According to Revolutionary War History Buffs, Lydia Darragh was a heroine who saved many lives just prior to Christmas 1777. How did she do it?
Lydia Barrington was born in 1728 in Dublin, Ireland. She married William Darragh, the son of a Quaker clergyman, in 1752, at the age of 24. Three years later, they moved to Philadelphia where Lydia became a nurs-midwife. The family eventually included five children who survived to adulthood.
As Quakers, one would expect that the Darragh’s be typically committed to pacifism. But, each of their grown children helped the patriotic cause. The whole family was also known to promote social reform causes. All members were welcome to speak at meetings, including women. This was quite a revolutionary idea during the 18th century!
Lydia and William’s oldest son, Charles, took his patriotism for the American cause to the next level when he enlisted in the 2nd Pennsylvania Regiment. Little did Lydia Darrah know that his enlistment would lead to her becoming the first female American spy.
When British forces occupied Philadelphia in 1777, soldiers would often station soldiers in citizen’s homes. The Darragh residence was one of those homes. Lydia personally appealed to General William Howe to allow the family to stay in the home. She’d already sent the younger ones to stay with relatives and would have no place to go with the older ones.
On her way to meet the General, she met her second cousin, Captain Barrington. He intervened on her behalf and she and the children were allowed to stay in the home. Because Lydia was a Quaker and a woman, she was presumed to be incapable of understanding the intricacies of war.
It was at the Darrah house on the eve of December 2, 1777, that General Howe met with top British officers to plan an attack on Whitemarsh, where General George Washington and his troops were encamped. The family was sent to their bedrooms before the meeting started. With only two days until the planned attack, Lydia hid in a linen closet and took notes. The notes were then concealed in a needle book.
Lydia asked for and received a pass to leave the city to get flour from her cousin. She then took her empty flour sack and notes and left the city. Here is where accounts collide.
US History relates that according to her daughter, Ann, Lydia made her way toward the Rising Sun Tavern, north of the city. It was along the road to the tavern that she came upon Thomas Craig, a man who was in the Pennsylvania militia and knew her son. He took the notes and promised to get them to General Washington.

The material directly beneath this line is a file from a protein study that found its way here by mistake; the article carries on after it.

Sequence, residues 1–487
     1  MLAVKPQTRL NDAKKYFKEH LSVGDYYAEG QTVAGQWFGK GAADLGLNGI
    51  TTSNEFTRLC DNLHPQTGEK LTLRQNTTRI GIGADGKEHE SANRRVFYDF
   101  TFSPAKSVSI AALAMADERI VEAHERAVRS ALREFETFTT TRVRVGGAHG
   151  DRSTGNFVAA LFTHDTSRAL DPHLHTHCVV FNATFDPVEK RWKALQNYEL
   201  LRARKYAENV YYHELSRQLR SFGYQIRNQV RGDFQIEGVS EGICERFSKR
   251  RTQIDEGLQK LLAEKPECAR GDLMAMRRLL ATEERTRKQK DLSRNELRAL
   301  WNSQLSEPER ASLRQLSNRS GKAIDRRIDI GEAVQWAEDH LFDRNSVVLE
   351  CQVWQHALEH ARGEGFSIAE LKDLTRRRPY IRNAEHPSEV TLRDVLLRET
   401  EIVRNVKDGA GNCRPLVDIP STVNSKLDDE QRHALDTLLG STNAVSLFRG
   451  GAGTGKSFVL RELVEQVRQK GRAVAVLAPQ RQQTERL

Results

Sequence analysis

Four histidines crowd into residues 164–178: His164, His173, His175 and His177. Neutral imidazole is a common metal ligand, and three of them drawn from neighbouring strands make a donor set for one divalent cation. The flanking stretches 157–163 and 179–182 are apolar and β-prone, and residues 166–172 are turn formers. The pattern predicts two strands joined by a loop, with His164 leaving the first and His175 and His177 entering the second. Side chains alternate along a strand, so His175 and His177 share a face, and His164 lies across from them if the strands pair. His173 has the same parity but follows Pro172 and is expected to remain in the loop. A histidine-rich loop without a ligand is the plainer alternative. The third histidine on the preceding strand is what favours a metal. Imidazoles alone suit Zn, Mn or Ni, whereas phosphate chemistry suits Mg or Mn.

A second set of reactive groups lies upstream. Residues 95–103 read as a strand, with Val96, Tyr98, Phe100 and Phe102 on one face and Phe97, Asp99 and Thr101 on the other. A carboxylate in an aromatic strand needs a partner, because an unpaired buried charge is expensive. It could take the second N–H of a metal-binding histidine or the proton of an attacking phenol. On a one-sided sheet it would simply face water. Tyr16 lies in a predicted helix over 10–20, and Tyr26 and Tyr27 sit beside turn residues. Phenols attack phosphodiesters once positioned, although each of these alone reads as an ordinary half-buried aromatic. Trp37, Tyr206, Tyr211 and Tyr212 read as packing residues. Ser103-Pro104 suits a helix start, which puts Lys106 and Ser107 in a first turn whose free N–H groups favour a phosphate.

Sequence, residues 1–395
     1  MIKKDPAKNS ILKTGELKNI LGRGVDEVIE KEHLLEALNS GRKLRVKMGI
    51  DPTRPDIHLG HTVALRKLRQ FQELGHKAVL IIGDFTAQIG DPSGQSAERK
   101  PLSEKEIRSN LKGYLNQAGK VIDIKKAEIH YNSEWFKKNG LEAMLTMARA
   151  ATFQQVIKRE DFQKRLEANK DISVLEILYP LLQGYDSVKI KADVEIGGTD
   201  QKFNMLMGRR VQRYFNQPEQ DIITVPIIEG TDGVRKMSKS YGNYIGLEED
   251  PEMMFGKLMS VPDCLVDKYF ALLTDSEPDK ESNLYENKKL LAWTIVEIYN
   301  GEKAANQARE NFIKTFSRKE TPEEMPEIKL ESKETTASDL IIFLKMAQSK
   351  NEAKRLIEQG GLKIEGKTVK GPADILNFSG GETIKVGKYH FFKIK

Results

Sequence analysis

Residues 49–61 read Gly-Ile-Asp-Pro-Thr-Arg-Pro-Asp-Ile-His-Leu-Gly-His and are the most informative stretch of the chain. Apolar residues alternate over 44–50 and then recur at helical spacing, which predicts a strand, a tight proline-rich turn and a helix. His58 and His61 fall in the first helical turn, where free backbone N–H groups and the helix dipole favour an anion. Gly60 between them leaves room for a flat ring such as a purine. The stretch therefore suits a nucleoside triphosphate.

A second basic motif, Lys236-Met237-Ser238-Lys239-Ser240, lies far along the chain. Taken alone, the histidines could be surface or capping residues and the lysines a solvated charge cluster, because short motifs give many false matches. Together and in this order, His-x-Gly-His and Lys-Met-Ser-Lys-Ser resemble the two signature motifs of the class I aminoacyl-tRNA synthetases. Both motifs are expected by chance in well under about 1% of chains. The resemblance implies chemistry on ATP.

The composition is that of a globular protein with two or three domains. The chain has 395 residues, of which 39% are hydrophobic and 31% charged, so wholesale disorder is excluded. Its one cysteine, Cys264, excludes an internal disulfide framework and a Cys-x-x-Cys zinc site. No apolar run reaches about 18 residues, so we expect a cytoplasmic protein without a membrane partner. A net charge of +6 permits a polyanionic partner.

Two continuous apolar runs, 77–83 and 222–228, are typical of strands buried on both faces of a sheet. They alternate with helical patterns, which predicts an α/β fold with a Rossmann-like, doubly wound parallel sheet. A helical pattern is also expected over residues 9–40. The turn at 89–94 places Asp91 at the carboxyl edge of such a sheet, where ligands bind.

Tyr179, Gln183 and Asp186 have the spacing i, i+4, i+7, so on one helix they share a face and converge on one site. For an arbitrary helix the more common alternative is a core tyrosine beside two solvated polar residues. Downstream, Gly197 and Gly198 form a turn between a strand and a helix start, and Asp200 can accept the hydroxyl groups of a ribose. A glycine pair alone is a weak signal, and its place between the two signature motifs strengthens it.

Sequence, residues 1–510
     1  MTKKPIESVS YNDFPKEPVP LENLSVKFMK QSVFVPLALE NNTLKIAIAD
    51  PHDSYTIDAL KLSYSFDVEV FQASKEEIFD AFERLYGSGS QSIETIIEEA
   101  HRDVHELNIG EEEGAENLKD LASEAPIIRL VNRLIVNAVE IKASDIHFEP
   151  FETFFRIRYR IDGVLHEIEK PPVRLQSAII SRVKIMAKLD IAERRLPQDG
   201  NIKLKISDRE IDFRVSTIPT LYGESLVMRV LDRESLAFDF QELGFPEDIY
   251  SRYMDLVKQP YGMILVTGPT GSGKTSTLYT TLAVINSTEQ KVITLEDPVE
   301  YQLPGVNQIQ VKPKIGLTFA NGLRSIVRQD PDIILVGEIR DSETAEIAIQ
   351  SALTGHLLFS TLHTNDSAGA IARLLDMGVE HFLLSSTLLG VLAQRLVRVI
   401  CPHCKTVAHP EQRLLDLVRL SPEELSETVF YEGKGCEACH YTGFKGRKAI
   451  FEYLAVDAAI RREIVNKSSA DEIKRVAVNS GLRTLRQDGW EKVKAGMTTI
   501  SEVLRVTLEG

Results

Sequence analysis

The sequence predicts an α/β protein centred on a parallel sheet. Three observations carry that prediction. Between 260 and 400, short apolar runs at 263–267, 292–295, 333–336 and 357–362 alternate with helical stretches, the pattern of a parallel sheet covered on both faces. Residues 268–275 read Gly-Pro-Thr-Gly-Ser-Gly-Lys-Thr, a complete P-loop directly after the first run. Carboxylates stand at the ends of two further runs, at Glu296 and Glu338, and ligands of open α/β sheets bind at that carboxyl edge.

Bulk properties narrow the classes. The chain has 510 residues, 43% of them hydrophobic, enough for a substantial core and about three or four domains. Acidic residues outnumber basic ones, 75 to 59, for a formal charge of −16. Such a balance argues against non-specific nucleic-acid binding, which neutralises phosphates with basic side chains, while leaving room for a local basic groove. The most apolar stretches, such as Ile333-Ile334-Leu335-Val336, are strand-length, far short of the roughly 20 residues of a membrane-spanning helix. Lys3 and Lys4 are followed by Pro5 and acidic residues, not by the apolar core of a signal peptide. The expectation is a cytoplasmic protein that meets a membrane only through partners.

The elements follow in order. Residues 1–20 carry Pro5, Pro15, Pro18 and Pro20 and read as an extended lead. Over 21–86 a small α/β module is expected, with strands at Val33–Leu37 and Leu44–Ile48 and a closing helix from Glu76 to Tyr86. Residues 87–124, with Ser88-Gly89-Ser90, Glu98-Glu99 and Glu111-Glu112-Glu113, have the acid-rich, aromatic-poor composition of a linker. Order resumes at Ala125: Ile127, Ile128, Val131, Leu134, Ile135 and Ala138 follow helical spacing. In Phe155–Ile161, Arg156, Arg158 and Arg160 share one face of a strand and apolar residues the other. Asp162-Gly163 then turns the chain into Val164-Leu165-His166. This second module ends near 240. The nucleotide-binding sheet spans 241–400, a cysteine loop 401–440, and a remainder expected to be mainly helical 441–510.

Encyclopedia Britannica tells us that Lydia listened at a keyhole to the room where the British officers were conferring. On the morning of December 4, she asked for and received a pass to the Frankford Mill. She made her way toward Whitemarsh once away from the city. It was on that road where she met Thomas Craig. After giving him her notes, she went on to the mill and returned home with the flour.
According to his memoir published in 1909, Elias Boudinot, the Commissary of Prisoners, was approached by Lydia Darragh at the tavern. She requested a pass to go to the country to purchase flour. She handed him the needle book. She didn’t wait for him to grant her request before leaving. Once he discovered the rolled-up paper with her notes on it, he rode to American headquarters and relayed Lydia’s notes. The American forces were prepared for the British forces when they showed up at Whitemarsh on December 4.
No matter which story is the absolute truth, Lydia Darragh’s effort as a Revolutionary patriot left its mark on history and today she is regarded as the first female American spy.
And what of the British that fateful day in December? The British spymaster, Major John Andre, questioned Lydia after the meeting and after the British withdrawal from Whitemarsh. He believed her story that everyone was asleep during the meeting. He had this to say when leaving, “One thing is certain, the enemy had notice of our coming, were prepared for us, and we marched back like a parcel of fools. The walls must have ears.”
Recollections salutes American patriots this Independence Day. Take inspiration from Lydia and the clothes she might have worn by browsing our Revolutionary War era dresses and gowns.
Many thanks to Isabell Harkins for researching this topic and providing a first draft.